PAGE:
Congress has agreed to forgive $110 million owed to the federal government by the St. Lawrence Seaway, which has been plagued by declining Great Lakes traffic and the rising cost of maintenance.
Traffic on the waterway, which links the Great Lakes with the Atlantic through the St. Lawrence River, has plummeted in the recession, mostly because of a 40 percent decline in shipments of iron ore this year.
As a result, the seaway could not have met the obligations on the debt remaining from its construction in the 1950s and the cost of overdue maintenance without a toll increase of at least 70 percent, said Dennis Deuschl, assistant to the director of the St. Lawrence Seaway Development Corp. Members of Congress and governors in the Great Lakes states feared that a new toll hike, on top of increases of more than 100 percent since 1978, would have diverted still more cargo to other ports.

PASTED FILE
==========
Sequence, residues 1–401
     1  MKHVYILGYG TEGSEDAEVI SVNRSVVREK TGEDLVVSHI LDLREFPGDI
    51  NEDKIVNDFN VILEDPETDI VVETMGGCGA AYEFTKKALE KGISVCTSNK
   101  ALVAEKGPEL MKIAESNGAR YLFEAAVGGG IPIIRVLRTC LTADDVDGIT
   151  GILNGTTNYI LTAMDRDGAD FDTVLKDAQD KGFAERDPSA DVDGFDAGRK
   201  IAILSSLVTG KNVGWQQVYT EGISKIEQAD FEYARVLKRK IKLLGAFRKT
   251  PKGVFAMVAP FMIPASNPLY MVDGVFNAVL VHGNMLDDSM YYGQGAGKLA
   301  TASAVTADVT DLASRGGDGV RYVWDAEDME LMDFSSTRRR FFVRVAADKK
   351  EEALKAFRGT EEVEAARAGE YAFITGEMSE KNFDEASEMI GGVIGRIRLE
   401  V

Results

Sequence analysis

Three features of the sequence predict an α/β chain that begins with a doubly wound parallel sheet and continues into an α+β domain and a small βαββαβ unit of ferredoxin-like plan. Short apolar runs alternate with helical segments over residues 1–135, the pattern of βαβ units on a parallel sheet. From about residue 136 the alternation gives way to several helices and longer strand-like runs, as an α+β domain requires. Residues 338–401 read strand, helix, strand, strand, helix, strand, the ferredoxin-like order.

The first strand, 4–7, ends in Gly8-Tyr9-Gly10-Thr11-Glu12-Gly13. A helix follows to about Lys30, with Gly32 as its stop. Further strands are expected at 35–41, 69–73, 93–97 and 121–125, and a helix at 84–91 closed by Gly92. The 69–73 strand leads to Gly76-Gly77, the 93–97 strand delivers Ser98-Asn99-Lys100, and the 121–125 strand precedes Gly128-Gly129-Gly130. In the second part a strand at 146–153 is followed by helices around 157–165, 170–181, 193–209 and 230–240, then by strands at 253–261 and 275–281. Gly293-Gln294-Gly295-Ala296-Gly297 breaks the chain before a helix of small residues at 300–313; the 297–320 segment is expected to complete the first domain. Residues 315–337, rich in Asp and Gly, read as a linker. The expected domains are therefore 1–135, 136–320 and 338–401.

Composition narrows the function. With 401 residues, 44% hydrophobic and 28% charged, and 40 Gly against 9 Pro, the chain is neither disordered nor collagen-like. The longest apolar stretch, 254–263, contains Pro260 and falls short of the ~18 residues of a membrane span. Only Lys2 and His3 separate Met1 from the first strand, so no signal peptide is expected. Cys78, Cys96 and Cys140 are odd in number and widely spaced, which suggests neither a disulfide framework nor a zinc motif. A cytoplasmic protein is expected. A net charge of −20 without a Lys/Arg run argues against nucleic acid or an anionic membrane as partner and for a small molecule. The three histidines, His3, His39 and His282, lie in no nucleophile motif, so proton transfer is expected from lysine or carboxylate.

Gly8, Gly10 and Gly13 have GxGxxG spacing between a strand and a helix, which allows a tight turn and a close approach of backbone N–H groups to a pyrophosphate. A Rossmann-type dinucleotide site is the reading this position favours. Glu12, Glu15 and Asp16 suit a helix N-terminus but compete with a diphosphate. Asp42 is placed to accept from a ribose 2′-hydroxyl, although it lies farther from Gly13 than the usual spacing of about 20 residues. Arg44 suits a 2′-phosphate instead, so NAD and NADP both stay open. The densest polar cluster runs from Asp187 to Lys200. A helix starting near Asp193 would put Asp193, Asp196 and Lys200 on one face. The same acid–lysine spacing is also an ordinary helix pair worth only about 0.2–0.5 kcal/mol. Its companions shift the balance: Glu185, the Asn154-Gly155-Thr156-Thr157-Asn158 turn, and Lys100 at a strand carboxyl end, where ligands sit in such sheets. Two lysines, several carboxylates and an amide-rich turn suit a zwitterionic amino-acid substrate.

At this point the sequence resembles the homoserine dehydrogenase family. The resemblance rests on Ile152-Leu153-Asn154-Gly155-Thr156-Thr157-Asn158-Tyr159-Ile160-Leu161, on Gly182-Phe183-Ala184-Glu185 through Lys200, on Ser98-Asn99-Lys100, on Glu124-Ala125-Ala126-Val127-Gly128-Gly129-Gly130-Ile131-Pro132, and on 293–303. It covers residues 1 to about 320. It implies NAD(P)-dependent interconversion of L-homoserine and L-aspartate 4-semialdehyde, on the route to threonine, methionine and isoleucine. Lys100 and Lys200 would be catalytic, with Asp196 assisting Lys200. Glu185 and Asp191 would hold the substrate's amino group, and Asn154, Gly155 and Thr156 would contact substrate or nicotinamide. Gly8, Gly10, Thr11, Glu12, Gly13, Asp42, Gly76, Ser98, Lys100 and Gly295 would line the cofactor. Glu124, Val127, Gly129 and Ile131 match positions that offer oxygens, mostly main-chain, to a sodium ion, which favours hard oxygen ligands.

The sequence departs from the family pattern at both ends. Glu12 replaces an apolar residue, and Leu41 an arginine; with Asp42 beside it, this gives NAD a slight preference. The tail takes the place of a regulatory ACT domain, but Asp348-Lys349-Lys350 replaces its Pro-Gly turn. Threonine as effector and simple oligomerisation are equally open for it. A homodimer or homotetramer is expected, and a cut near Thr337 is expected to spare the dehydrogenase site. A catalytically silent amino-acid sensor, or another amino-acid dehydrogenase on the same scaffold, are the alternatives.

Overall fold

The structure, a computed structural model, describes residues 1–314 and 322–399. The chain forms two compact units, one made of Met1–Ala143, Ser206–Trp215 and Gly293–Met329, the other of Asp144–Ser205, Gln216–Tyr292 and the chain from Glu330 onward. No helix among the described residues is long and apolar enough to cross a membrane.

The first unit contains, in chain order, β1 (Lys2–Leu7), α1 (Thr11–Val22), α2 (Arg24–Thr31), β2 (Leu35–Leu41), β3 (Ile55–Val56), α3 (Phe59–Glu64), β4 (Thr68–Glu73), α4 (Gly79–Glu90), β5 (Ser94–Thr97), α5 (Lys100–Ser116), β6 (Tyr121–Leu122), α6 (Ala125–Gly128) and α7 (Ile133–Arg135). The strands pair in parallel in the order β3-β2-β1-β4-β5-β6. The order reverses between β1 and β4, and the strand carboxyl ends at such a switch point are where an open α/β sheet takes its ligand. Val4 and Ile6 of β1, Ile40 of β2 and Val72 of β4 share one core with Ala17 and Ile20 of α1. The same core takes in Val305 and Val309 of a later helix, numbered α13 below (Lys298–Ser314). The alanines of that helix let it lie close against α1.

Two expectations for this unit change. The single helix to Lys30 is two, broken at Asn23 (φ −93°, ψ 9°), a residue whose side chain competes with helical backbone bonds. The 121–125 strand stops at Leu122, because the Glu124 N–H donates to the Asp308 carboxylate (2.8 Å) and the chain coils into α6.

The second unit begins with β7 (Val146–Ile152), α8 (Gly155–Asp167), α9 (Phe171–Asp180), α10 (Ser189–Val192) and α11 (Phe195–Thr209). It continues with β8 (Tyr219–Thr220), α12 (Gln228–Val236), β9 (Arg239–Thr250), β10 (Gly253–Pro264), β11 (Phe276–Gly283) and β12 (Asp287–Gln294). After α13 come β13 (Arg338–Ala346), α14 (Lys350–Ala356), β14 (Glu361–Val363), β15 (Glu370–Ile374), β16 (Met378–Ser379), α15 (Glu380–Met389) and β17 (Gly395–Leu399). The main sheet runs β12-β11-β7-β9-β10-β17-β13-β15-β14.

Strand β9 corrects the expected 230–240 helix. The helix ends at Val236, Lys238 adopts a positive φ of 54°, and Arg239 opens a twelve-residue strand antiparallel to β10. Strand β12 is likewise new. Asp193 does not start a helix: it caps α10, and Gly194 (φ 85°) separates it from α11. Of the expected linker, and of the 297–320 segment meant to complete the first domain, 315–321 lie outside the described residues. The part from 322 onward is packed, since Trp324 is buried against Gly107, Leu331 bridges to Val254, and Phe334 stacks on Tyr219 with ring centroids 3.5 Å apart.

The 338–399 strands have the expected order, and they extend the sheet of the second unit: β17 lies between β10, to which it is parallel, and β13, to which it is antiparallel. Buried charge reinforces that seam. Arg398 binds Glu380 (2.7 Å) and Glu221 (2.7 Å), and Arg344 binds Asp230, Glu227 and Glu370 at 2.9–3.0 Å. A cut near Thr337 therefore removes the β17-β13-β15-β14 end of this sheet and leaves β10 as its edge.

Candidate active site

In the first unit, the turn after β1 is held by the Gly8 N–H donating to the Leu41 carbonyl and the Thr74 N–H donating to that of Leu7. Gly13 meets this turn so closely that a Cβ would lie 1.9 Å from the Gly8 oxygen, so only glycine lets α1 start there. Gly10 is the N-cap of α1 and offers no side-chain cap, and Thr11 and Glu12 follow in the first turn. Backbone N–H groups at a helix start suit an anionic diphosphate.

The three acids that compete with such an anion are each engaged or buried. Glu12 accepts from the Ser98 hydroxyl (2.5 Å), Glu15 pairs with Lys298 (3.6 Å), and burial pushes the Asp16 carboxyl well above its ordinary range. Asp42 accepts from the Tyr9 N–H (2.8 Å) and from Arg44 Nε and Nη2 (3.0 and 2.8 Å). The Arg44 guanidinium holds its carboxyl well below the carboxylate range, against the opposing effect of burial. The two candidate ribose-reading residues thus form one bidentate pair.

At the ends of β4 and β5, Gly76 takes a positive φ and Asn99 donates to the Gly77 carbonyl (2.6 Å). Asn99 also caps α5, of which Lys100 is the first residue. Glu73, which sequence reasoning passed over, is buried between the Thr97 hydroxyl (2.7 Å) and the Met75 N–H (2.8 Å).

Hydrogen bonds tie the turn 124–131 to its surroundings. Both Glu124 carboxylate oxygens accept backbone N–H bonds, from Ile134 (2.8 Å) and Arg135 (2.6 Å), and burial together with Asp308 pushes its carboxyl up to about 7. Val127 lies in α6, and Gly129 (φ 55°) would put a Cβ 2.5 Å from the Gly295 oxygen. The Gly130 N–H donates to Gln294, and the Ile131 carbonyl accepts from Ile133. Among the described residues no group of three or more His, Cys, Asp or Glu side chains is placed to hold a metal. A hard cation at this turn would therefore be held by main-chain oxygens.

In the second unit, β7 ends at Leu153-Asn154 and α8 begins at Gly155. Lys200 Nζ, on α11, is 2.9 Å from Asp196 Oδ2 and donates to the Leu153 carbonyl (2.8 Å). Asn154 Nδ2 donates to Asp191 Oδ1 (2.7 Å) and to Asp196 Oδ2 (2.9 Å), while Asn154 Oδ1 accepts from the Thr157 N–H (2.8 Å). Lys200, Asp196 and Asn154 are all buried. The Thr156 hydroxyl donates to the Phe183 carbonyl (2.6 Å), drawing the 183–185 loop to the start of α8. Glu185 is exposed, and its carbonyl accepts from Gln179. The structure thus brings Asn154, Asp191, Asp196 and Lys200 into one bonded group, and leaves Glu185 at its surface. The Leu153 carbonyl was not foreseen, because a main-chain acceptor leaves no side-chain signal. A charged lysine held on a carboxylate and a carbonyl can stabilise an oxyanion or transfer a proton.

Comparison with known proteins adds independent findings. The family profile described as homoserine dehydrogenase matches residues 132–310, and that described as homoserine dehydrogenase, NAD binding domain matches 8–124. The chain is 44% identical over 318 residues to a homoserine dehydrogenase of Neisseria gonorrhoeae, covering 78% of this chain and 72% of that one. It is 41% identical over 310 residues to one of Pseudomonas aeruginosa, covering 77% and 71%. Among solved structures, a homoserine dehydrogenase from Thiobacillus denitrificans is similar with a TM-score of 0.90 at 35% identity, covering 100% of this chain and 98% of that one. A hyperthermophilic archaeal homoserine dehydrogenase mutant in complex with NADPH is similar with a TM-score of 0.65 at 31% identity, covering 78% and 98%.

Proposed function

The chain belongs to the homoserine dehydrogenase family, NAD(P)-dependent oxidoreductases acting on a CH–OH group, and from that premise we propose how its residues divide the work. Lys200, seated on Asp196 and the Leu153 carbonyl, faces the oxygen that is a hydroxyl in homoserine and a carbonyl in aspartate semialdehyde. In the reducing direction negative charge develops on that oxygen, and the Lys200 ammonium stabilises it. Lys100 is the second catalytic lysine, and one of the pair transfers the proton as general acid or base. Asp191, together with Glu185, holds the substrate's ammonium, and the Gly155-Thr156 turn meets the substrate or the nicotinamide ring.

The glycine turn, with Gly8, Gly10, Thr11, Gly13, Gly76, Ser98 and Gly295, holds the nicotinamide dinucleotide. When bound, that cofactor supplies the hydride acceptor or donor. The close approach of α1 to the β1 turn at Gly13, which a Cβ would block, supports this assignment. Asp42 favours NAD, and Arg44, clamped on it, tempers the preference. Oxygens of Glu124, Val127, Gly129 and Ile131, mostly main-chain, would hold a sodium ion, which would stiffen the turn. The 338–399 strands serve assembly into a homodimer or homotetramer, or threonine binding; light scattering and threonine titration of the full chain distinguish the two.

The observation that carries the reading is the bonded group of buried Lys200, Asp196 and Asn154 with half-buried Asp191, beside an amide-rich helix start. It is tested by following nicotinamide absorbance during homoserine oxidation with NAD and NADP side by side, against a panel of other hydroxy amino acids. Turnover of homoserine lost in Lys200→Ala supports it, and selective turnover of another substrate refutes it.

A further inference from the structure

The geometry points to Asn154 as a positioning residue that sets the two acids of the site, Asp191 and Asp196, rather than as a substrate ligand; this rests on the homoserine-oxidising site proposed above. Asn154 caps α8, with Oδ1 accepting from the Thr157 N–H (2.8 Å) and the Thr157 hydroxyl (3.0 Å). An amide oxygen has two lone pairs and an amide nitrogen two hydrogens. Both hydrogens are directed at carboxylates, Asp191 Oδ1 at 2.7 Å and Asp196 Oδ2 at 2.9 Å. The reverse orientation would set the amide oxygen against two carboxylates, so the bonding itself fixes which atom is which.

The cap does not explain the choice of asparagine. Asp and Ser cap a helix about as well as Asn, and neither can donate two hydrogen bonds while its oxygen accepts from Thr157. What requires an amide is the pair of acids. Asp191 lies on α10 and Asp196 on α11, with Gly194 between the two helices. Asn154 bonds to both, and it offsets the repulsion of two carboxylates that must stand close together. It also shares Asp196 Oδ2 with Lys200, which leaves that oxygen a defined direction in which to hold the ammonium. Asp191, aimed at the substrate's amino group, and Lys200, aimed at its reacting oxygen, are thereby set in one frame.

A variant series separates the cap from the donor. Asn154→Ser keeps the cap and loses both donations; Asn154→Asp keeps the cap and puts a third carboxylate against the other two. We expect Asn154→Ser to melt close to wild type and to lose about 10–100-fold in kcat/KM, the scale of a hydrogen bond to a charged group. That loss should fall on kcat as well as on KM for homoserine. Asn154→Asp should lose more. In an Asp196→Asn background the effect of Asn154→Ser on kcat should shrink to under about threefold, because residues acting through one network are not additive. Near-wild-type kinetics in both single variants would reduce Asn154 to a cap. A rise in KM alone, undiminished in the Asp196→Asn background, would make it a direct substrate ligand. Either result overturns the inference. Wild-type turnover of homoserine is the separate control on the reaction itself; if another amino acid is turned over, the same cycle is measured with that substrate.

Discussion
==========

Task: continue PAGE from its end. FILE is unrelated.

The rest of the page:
The measure absolving the seaway of the $110 million owed to the federal government was tacked on to the $10.64 billion transportation spending bill for the 1983 fiscal year at the behest of Sen. Mark Andrews (R.-N.D.), whose state ships grain through Great Lakes ports.
It survived a last-minute attempt to kill it Thursday night when the House rejected an effort by Rep. Robert Walker (R-Pa.) to cut the measure out of the overall transportation bill. The Reagan administration had argued that the appropriations bill was not the right vehicle for dealing with the problems of the seaway. Now the president will have to veto the entire measure to turn back the seaway provision.
The seaway, a joint project of the United States and Canada, would have had to pay the Treasury $2 million a year through 1985, after which its obligation would have ballooned to $9.5 million a year. But total annual revenues are now running about $9.5 million.
"We really faced a financial crunch," Deuschl said. "The fact is that, for the past couple of years, we have had to defer a lot of maintenance and improvement work, and we couldn't have gone on much longer without real safety problems."